On Sept 14th David Frakt, law professor and former military defense attorney for two Guantanamo detainees, and Stephen Jones, a defense attorney who defended Timothy McVeigh, debated Former CIA Director Michael Hayden and former Bush speech writer, Marc Thiessen on the War on Terror. Frakt continued the argument with an article he wrote for the Huffington Post, entitled “My debate with Marc Thiessen.” NewsRealBlog asked the following individuals to offer their opinions on this debate: Kyndra Rotunda, a professor at Chapman School of Law in Orange, California and author of Honor Bound: Inside the Guantanamo Trials, Andrew C. McCarthy, who prosecution the terrorists of the 1993 World Trade Center bombing, a contributing editor for National Review Online, and author of The Grand Jihad, and Thomas Joscelyn, a terrorism analyst at the Foundation for Defense of Democracies and a writer for the Weekly Standard.
NewsRealBlog: Frakt stated:
if we were to capture Osama Bin Laden I would not “torture” him if that will possibly lead to an attack that might be prevented. I am ok with it.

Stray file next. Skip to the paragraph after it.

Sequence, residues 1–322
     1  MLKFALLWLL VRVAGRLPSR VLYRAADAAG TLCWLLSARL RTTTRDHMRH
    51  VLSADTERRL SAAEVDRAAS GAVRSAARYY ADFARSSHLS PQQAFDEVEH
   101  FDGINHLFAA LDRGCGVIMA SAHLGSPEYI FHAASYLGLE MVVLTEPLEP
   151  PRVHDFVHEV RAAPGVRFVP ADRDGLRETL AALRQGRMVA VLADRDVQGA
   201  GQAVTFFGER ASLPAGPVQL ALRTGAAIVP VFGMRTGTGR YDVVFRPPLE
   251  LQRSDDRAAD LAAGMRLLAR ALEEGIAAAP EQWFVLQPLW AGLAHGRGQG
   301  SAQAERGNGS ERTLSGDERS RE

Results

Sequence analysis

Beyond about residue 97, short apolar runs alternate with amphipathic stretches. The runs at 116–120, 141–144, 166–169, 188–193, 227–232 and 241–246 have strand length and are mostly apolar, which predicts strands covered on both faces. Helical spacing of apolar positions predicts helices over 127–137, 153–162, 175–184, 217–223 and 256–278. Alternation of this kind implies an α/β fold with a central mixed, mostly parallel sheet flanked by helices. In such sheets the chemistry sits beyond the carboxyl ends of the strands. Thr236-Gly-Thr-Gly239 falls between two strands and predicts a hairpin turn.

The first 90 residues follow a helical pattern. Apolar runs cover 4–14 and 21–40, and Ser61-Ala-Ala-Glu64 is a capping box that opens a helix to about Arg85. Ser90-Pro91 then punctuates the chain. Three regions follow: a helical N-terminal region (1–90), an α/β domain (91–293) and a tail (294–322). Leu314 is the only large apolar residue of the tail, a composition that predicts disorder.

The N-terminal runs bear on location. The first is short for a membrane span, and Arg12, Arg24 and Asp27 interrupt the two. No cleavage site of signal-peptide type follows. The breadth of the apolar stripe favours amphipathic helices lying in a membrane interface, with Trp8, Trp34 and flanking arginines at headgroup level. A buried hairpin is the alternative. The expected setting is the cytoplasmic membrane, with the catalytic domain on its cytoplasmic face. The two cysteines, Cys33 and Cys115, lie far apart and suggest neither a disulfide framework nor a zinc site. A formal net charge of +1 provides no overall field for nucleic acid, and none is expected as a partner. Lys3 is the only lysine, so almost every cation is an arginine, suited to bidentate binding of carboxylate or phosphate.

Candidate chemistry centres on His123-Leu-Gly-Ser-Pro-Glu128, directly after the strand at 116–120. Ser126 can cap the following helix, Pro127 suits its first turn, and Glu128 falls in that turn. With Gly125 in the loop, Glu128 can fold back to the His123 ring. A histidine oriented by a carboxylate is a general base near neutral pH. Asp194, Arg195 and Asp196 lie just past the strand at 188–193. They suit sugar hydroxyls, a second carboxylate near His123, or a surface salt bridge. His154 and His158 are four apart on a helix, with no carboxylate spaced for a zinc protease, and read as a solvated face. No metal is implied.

Could you comment on it?
Andrew McCarthy: At least he was honest. When I speak to groups I ask who is in favor of torture and no hands go up? Who is in favor of water boarding and very few hands go up? However, at least 7 out of 10 hands go up when I rephrase the questions with the ticking time bomb scenario. Those against the so called torture are never made to say what they would do in a real life situation. When you press them on it they always slither away, saying it won’t work. The question has to be if they would rather get the information or see thousands of people die.
NRB: Do you think as Frakt implied that the harsh interrogation methods are inconsistent with the Constitution?
McCarthy: For foreigners who are captured or held outside the US the Constitution does not apply since there is no extraterritorial extension. If he is talking about the 8th amendment that prohibits cruel and unusual punishment the Supreme Court has held that it only applies if the Supreme Court’s conscience has been shocked. This means you are not to look at the methods but the circumstances under which it was applied.
Thomas Joscelyn: Only three terrorists have been water boarded yet that is what has framed the entire discussion and narrative. The overwhelming majority of interrogations never relied upon waterboarding, or any other coercive techniques.